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one another daily, while it is called to day; lest any of you be hardened through the deceitfulness of sin. For we are made partakers of Christ, if we hold the beginning of our confidence steadfast unto the end ; while it is said, To-day if ye will hear his voice, harden not you hearts, as in the provocation."
Reader, how stand matters between thee and God? Art thou reconciled to God by the blood of the cross ? If not, seek at once to be reconciled. If thou art, carefully guard against a departure from God. If thou hast forsaken Him, “remember whence thou art fallen and repent;" return unto Him from whom thou hast deeply revolted, lest God should sware in his wrath, thou shalt not enter into his rest.
MANASSEH, OR ABOUNDING SIN AND
A BOUNDING GRACE.
It is no uncommon thing for a wicked man to have a pious son. Ahaz, the wicked king of Judah, had a son, Hezekiah, who was one of the best of men, and the best of kings. Hence it may be remarked, that if any good thing is found in man towards the Lord God of Israel, it is not the effect of nature, but of free, sovereign grace, which converts what is naturally wild and unfruitful into a good olive-tree.
On the contrary, it is no uncommon thing for a pious father to have a wicked son. The pious Hezekiah had a son, Manasseh, who was one of the worst of men, and the worst of kings. Hence it may be remarked, that piety does not run in the blood, and that no advantages of birth, no force of authority or example, can supersede the necessity of divine grace.
The Apostle Paul says, “But where sin abounded, grace did much more abound.” We have in Scripture numerous examples which serve to illustrate this truth. Perhaps, however, there is scarcely any example on record which more strikingly illustrates it than that which the life of Manasseh presents.
How wonderfully did sin abound in Manasseh! Though he was the son of a pious father, yet we read of him that he sinned after the similitude of the heathen. “He did that which was evil in the sight of the Lord, like unto the abomination of the heathen, whom the Lord cast out before the children of Israel." The ancient inhabitants of this land were idolators : they worshipped the hosts of heaven, held familiar intercourse with devils, observed times and used enchantments, and practised sorcery, witchcraft, and every hellish rite. By their abominations they brought upon themselves the vengeance of God, who, with the besom of destruction, swept them from off the face of the land. Precisely as these heathens had acted, so did Manasseh act, and with the warning of their ruin before his eyes. Nay, he did not merely imitate their conduct, but he did worse than they. It is expressly stated of him, that he did worse than the heathen whom the Lord cast out before the children of Israel."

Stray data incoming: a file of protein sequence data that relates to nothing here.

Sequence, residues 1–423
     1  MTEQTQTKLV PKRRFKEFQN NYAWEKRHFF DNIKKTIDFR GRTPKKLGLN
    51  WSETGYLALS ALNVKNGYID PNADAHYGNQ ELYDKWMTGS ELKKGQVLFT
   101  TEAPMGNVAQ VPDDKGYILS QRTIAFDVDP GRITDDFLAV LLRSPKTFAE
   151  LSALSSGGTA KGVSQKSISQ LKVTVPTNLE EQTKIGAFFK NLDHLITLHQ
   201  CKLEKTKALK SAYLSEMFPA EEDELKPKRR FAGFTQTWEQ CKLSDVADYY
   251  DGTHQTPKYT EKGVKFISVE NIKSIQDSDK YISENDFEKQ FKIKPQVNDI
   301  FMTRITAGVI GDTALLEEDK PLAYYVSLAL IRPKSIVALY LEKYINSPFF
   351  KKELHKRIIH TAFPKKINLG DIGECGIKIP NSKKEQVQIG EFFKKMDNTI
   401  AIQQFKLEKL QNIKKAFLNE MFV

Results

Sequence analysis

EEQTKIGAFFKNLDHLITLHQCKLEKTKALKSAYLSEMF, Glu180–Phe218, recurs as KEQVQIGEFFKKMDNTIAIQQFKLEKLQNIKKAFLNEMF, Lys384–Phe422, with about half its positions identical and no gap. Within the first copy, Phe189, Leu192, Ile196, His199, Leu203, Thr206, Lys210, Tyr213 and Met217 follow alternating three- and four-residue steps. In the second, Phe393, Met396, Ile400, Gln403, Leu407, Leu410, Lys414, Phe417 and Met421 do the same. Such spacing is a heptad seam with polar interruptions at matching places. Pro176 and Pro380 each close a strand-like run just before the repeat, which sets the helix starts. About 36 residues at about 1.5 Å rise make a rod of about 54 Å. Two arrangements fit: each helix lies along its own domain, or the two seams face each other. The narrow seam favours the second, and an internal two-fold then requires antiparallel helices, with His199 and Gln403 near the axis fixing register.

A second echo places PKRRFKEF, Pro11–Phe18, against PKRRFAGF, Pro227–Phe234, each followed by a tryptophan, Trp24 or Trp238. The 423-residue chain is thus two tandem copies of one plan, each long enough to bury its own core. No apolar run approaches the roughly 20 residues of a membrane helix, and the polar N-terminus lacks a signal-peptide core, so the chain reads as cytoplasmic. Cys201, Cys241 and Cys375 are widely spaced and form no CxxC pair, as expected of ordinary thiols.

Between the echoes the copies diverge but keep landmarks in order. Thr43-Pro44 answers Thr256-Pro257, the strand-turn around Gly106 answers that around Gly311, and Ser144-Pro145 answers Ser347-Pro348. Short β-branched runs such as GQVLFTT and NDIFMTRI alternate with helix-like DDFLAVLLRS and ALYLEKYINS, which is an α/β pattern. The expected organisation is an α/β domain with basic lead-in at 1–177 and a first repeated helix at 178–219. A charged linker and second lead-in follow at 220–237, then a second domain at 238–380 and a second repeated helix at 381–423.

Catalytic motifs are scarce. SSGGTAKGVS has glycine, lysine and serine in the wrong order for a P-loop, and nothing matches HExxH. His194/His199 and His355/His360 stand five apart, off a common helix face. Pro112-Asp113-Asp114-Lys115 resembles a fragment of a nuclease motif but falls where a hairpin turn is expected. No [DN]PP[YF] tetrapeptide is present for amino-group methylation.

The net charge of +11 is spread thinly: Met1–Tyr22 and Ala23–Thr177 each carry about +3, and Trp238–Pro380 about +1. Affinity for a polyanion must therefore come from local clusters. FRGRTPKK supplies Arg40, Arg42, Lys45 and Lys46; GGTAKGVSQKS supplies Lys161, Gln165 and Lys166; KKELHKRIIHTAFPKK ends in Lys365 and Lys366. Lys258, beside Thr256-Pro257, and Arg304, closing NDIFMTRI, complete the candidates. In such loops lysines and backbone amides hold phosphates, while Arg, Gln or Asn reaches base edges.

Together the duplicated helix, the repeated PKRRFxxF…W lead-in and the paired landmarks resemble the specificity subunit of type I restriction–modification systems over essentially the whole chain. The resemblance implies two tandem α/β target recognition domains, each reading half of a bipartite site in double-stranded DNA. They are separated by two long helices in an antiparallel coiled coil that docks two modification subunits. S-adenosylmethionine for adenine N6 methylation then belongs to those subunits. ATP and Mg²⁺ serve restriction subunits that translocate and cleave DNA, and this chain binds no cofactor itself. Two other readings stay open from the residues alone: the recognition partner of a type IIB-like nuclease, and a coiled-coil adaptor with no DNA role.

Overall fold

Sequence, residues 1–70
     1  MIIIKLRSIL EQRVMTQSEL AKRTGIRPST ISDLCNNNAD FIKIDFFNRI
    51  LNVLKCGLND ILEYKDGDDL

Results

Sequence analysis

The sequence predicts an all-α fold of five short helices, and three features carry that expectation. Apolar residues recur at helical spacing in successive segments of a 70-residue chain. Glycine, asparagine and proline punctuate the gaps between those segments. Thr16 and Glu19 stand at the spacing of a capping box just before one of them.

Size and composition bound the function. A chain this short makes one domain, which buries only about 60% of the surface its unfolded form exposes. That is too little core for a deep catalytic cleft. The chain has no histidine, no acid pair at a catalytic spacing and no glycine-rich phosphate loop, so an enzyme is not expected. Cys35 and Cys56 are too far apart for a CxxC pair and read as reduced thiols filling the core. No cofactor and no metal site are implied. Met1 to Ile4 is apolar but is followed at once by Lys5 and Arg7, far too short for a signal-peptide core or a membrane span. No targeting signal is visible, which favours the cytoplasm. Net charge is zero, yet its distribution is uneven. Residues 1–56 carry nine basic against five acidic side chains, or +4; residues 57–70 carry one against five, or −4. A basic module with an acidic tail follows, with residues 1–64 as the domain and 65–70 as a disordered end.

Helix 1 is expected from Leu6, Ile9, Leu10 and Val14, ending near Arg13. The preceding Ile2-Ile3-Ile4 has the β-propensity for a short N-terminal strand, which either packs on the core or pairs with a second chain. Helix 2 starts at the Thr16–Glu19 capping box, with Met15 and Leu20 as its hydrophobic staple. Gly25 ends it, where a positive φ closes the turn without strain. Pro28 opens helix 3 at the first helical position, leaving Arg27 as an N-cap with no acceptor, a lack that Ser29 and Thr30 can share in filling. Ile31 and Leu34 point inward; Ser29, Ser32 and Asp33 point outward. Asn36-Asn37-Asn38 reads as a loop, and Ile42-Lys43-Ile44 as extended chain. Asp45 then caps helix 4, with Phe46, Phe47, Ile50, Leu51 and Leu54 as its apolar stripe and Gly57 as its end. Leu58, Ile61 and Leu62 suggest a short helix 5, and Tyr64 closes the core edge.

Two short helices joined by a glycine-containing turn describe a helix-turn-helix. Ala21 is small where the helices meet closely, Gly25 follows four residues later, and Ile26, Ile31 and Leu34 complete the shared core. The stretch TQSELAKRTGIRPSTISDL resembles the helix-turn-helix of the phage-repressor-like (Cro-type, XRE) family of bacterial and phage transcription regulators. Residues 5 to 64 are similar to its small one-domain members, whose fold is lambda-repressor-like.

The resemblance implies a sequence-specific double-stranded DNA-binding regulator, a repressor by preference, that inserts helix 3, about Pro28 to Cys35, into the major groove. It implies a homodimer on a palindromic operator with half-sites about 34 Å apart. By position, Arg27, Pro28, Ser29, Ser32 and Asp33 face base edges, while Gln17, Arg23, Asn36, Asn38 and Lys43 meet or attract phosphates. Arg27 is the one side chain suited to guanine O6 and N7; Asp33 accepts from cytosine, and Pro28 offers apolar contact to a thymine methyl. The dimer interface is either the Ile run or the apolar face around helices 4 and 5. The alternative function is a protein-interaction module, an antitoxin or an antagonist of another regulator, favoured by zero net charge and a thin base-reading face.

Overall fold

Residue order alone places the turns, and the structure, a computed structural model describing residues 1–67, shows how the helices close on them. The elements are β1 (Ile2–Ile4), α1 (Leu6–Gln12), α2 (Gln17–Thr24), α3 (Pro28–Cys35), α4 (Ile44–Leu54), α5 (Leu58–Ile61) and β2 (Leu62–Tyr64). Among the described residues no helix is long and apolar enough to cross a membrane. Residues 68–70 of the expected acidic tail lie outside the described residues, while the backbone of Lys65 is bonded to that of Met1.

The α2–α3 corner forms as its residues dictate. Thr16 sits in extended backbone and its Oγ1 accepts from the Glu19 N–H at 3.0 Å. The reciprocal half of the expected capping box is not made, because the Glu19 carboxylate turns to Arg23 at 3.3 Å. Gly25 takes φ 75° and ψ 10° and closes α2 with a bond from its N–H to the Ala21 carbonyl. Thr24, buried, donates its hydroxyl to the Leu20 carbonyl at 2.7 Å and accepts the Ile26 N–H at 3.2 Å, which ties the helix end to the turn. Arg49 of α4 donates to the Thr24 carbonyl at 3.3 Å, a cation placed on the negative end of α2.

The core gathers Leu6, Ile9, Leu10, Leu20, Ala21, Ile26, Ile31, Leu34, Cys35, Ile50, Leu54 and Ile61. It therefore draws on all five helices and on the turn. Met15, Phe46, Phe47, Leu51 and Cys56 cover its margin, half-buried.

The children of pious parents, if wicked, generally wicked indeed, generally exceed in vileness the worst of the profane.
Solomon says, “One sinner destroyeth much good.” Manasseh soon undid all the good which his pious father had done. Hezekiah had abolished the worship of idols, and in its room had introduced that of the true God. “ He did that which was right in the sight of the Lord, according to all that David his father had done; he removed the high places, and brake the images, and cut down the groves, and brake in pieces the brazen serpent which Moses had made.” Not more zealous, however, was Hezekiah to advance the cause of God than was Manasseh to crush it. Like Saul of Tarsus, he made havoc of the church ; and thus impiously trampled on the dust, and insulted the memory of his pious father. As if he had been sent into the world purposely to ruin the cause of heaven, and as if it had been his only felicity to oppose his father's deeds, he resolutely set himself to abolish the worship of God, and to establish that of the devil in its room : 6. For he built again the high places which Hezekiah his father had broken down, and he reared up altars for Baalim, and made groves, and worshipped all the host of heaven, and served them.
Also he built altars in the house of the Lord, whereof the Lord had said, In Jerusalem shall my name be for ever. And he built altars for all the host of heaven in the two courts of the house of the Lord.” The zeal of men in a bad cause always equals, and generally exceeds, that of men in a good one. It would be well if Christians were as zealous for God as wicked men are for the devil.
The prophet Jeremiah teaches, that “the heart is deceitful above all things and desperately wicked.” To mark the desperate wickedness of his nature, and his zeal in the cause of hell, Manasseh solemnly dedicated his children to devils : “he caused his children to pass through the fire in the valley of the son of Hinnom.” This valley was on the east side of Jerusalem : in it was the high place and image of the god Molech, in honour of whom the heathen aforetime, and now the Jews, caused their children to pass through the fire ;* i.e. devoted them to
Respecting the phrase, “and he caused his children to pass through the fire in the valley of the son of Hinnom,” there are two opinions. One is, that Manasseh actually offered them in sacrifice to Molech : the other is, that he dedicated them to the worship of Molech. The writer of the 'History of Religion' says, “The meaning of the expression “passing through the fire unto Molech' is passing them before a fire burning on his altar, as a sign that they were received into his church.” The author has adopted this latter opinion, though he will not